Good morning top dog traders of the Evil Speculator domain of the internet. I’m sipping my bullet proof decaf cafe’ this morning after I spent some time putting together my tunes for my DJ set at Afrika Burn this year. AfrikaBurn, South Africa’s sanctioned version of Burning Man, takes place about 6 hours outside of Cape Town in the middle of the African desert in late April. It’ll be my first experience living from a make shift home in a Backie which is the South African equivalent of a U-Haul.
The idea is a break from EDM that’s available elsewhere on the playa 24/7, starting off with the Crying In Coffee Houses set from one of my campmates. For my set, with the theme of keeping with a break from the EDM, I’ll be doing the The New Orleans Jazz Parlor. Featuring the lovely ladies of the Shake’Em Up Jazz Band I discovered on a trip to New Orleans at the infamous Spotted Cat last month. If New Orleans jazz is your thang, these ladies bring it with unique flavor.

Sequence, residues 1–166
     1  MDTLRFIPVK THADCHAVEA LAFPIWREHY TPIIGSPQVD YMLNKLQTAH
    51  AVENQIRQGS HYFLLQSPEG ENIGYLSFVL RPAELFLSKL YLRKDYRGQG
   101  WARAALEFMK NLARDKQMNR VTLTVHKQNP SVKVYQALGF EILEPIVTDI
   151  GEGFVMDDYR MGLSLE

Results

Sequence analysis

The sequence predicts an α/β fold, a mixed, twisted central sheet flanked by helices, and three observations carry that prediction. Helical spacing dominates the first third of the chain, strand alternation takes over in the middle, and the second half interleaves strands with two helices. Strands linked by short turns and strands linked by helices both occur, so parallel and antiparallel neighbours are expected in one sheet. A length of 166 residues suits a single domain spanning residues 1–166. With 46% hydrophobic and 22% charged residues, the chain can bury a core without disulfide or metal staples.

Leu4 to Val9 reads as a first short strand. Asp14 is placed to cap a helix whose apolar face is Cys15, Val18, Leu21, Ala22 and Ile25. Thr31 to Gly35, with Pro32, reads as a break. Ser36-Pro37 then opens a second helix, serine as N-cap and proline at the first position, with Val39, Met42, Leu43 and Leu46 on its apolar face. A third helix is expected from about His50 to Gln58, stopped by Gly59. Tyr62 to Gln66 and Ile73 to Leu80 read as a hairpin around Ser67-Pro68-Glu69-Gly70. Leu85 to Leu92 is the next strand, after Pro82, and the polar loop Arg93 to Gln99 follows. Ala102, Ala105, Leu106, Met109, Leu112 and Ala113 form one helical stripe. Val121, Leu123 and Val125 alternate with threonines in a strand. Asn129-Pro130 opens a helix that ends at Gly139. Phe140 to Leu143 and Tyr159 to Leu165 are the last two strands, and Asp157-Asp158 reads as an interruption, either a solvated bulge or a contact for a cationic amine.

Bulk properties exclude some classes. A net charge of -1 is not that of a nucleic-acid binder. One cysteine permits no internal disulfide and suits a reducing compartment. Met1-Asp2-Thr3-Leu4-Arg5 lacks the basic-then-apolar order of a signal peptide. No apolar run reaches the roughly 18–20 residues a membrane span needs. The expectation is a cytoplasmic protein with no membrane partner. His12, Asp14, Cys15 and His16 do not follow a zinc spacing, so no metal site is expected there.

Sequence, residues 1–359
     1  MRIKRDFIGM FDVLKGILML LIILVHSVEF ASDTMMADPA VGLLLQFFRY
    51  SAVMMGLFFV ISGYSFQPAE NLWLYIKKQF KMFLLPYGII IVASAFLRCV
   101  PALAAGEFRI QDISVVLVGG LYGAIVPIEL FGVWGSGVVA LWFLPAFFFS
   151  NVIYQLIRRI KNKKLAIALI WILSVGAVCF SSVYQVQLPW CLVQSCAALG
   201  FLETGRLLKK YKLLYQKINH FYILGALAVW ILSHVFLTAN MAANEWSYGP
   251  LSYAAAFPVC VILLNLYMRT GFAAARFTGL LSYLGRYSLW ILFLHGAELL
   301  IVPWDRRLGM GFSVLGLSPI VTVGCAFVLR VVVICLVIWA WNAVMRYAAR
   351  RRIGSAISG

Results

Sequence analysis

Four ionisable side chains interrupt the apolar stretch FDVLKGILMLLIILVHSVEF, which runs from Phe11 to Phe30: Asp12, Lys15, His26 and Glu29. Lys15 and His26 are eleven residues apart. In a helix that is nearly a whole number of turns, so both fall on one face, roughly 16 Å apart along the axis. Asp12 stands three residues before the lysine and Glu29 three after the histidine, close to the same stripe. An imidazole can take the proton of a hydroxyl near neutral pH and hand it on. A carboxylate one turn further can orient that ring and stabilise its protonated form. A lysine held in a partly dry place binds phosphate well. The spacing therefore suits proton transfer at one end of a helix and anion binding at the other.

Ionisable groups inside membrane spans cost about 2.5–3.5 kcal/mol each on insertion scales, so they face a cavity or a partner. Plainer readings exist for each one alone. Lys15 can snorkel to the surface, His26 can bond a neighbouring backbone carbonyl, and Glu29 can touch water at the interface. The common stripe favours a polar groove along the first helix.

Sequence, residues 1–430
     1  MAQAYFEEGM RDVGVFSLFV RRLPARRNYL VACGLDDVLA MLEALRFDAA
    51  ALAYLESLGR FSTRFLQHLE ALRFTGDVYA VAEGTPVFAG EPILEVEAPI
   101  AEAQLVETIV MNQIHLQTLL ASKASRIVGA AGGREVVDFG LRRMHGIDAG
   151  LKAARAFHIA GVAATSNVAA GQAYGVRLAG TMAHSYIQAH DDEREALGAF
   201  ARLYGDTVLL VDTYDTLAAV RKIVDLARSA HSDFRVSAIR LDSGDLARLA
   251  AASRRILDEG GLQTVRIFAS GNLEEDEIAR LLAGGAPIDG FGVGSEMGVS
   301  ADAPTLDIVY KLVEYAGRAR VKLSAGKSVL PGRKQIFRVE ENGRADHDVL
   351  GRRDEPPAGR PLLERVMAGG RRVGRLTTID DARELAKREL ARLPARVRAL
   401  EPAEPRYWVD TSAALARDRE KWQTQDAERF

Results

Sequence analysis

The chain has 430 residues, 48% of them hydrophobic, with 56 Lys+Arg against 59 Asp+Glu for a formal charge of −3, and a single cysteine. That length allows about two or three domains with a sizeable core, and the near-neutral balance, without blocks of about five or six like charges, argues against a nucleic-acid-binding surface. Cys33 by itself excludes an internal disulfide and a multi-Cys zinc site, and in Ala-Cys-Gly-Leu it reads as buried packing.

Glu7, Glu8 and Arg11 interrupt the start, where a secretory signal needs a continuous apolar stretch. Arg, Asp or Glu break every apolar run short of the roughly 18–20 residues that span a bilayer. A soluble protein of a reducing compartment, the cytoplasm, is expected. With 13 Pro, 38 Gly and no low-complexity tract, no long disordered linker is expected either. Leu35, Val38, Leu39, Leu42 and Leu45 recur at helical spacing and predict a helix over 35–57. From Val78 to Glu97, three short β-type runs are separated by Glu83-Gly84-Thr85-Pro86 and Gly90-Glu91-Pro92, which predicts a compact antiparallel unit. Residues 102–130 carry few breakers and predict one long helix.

Speaking of flavor, if you’ve followed along any of my previous posts, you probably know by now that my style of trading is not sitting in front of the computer all day looking at charts. Some of my beliefs about trading:
- My mood and my mental states effect my trading, even if I don’t think they do.
- That as a human, I’m never subjective, even though I think I am. My subconscious beliefs are running the show.
- That when it comes to trading, it’s a statistics game.
- Computers are better at statistics than I am.
- Sitting in front of the computer all day, staring at charts, sucks. I have better things to do.
- Computers are better than I am at staring at charts all day and making by-the-numbers analysis.
- Bar charts are not the best way to make decisions about trading, they are just one way of looking at information.